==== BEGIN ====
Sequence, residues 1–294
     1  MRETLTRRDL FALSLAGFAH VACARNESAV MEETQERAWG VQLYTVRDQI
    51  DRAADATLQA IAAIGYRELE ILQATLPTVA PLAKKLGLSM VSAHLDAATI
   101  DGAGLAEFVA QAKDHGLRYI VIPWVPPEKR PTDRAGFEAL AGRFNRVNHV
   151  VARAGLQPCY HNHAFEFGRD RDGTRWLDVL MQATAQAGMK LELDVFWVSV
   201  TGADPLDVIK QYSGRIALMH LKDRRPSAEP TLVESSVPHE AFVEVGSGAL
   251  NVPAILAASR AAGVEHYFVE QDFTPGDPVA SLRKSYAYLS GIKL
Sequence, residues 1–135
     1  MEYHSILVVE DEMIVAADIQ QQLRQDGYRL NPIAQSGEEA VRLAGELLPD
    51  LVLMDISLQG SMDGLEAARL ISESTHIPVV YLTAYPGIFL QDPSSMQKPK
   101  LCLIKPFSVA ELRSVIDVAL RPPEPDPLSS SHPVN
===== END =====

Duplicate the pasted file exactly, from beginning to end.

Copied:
Sequence, residues 1–294
     1  MRETLTRRDL FALSLAGFAH VACARNESAV MEETQERAWG VQLYTVRDQI
    51  DRAADATLQA IAAIGYRELE ILQATLPTVA PLAKKLGLSM VSAHLDAATI
   101  DGAGLAEFVA QAKDHGLRYI VIPWVPPEKR PTDRAGFEAL AGRFNRVNHV
   151  VARAGLQPCY HNHAFEFGRD RDGTRWLDVL MQATAQAGMK LELDVFWVSV
   201  TGADPLDVIK QYSGRIALMH LKDRRPSAEP TLVESSVPHE AFVEVGSGAL
   251  NVPAILAASR AAGVEHYFVE QDFTPGDPVA SLRKSYAYLS GIKL
Sequence, residues 1–135
     1  MEYHSILVVE DEMIVAADIQ QQLRQDGYRL NPIAQSGEEA VRLAGELLPD
    51  LVLMDISLQG SMDGLEAARL ISESTHIPVV YLTAYPGIFL QDPSSMQKPK
   101  LCLIKPFSVA ELRSVIDVAL RPPEPDPLSS SHPVN